History and Status
The cottonmouth is common in eastern North Carolina. The cottonmouth is not on federal or state species protection lists. However, as development increases in eastern North Carolina, loss of habitat could affect cottonmouth populations.
Habitat and Habits
The cottonmouth is the most aquatic of North American venomous snakes and can be found in most habitats associated with water. Like other ectothermic (“cold-blooded”) reptiles, cottonmouths bask on branches, logs or stones at the water’s edge. They are most active at night and become inactive at the onset of cold weather, brumating underground over winter. Common hibernacula are on rocky wooded hillsides, in crayfish burrows, under rotting stumps and in mammal burrows. If approached, some cottonmouths will retreat but others are defensive and will stand their ground. They often coil, vibrate their tail and open their mouth to reveal the white inner lining.
The Eastern cottonmouth is venomous and should not be approached. Human mortality due to a cottonmouth bite is unreported for North Carolina, but has been recorded elsewhere. However, experiments with wild cottonmouths showed that, when confronted, over 50 percent of cottonmouths tried to escape, and 78 percent used threat displays as a secondary defense; only 36 percent ultimately bit an artificial hand used in the tests. Some venomous snakes can control the amount of venom and may elect to bite defensively without injecting venom (a “dry bite”); since venom is expensive to produce and is primarily used to kill prey, a prudent snake should not want to waste venom on a predator, which it cannot then eat.
Cottonmouths are relatively common occupants of North Carolina’s wetlands, and are often observed basking during the day and foraging at night by human visitors to these ecosystems. Long-term monitoring can alert biologists to potential declines, especially those associated with wetland drainage and degradation due to development of the surrounding upland. Monitoring of wetland snake populations is usually accomplished by setting minnow traps to capture snakes. Because small cottonmouths are ambush predators rather than active foragers, they rarely enter minnow traps, and so their abundance may be underestimated if visual surveys are not used. Actively-foraging adult cottonmouths are often too large to fit into trap entrances, which are usually about 1.5 inches in diameter, although occasionally one will try to squeeze its way in to consume a trapped water snake.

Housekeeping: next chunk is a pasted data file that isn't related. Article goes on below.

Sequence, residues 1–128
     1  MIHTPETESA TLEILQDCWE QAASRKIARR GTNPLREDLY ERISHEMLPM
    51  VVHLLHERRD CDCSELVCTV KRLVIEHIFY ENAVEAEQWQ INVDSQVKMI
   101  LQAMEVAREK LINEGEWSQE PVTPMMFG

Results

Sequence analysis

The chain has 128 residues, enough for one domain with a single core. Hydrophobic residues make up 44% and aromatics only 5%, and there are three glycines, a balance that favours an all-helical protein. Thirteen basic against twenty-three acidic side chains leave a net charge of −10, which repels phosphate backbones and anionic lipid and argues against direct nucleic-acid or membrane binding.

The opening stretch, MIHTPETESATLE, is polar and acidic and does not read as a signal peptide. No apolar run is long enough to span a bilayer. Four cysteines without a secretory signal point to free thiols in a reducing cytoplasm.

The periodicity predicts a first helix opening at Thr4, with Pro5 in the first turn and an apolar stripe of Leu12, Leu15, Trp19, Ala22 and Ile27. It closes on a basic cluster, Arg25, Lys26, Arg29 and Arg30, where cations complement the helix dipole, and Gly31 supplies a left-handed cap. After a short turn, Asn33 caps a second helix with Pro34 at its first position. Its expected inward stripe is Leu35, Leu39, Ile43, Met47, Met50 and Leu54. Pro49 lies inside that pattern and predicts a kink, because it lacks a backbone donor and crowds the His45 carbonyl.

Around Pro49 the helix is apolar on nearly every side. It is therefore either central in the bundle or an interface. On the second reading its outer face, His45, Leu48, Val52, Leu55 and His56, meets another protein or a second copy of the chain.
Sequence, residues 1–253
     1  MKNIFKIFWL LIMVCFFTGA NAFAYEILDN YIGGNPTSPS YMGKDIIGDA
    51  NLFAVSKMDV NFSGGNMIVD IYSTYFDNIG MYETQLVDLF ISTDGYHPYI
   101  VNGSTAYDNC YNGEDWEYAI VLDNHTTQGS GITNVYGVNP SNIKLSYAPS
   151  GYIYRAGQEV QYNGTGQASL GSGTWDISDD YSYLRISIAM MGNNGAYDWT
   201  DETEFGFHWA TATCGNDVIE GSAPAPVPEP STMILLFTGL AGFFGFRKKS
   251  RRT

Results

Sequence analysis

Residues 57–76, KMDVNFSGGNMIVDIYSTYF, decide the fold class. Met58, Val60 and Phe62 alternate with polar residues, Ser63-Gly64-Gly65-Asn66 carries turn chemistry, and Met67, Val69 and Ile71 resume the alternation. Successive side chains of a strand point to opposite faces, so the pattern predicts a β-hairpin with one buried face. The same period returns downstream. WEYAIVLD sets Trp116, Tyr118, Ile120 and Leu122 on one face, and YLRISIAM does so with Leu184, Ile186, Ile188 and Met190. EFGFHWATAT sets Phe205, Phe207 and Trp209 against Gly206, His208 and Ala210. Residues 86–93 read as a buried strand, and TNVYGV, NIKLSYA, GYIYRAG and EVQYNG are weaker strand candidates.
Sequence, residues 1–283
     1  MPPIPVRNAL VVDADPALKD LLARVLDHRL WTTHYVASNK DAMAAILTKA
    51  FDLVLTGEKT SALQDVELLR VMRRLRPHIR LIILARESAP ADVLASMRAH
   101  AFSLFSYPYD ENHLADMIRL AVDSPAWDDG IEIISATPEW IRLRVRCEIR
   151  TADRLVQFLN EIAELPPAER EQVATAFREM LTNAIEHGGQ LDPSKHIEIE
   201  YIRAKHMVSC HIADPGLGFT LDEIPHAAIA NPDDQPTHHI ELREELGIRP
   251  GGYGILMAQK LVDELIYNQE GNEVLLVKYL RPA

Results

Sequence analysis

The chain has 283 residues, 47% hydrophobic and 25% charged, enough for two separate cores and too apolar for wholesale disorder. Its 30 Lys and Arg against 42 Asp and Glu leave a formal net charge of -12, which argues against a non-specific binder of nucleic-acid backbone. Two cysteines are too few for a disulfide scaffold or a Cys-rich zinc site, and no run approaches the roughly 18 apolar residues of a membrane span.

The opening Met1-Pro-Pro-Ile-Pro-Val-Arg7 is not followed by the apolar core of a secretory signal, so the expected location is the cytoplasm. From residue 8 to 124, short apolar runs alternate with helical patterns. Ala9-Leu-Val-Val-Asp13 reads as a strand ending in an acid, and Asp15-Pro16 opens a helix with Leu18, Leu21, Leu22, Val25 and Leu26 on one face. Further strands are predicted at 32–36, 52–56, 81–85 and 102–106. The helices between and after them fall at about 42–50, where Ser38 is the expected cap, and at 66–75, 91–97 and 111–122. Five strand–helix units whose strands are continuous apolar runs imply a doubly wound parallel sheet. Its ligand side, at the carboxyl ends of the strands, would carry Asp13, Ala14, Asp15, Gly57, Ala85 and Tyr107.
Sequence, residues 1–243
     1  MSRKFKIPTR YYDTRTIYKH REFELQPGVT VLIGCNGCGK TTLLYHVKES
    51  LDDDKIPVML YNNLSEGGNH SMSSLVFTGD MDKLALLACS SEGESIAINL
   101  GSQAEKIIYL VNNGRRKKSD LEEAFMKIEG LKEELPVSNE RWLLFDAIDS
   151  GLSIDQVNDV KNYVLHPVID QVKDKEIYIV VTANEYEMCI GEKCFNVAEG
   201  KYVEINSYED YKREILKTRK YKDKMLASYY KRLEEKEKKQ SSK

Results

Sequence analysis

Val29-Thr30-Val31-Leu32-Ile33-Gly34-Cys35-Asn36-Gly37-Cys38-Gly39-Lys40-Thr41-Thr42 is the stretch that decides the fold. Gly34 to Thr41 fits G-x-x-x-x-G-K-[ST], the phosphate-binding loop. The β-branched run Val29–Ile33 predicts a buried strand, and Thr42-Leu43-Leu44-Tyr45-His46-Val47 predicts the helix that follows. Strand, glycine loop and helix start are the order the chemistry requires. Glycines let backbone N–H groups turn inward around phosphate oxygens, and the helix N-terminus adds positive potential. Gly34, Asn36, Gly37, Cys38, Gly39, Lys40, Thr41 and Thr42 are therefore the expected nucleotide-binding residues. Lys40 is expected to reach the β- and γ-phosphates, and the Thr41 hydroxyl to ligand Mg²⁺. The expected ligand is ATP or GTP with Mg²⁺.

Beane, J. C., A. L. Braswell, J. C. Mitchell, and W. M. Palmer. 2010. Amphibians & Reptiles of the Carolinas and Virginia. 2nd edition. University of North Carolina Press.
Ernst, C. H. and E. M. Ernst. 2003. Snakes of the United States and Canada. Smithsonian Books.
Eskew, E., J. Willson, and C. Winne. 2009. Ambush site selection and ontogenetic shifts in foraging strategy in a semi aquatic pit viper, the Eastern cottonmouth. Journal of Zoology 277:179-186.
Gibbons, J. W. and M. E. Dorcas. 2002. Defensive Behavior of Cottonmouths (Agkistrodon piscivorus) toward Humans. Copeia 2002:195-198.
Gibbons, J. W. and M. E. Dorcas. 2005. Snakes of the Southeast. University of Georgia Press.
Palmer, W. M. and A. L. Braswell. 1995. Reptiles of North Carolina. University of North Carolina Press.
Photos by Gene Ott Photography, Karlton D. Rebenstouf, US Coast Guard, Dave Badger and Steve Maslowski.
Produced 2011 by the Division of Conservation Education; Cay Cross–Editor.
1 January 2011 | Conant, Therese; Durso, Andrew M.; Hall, Jeff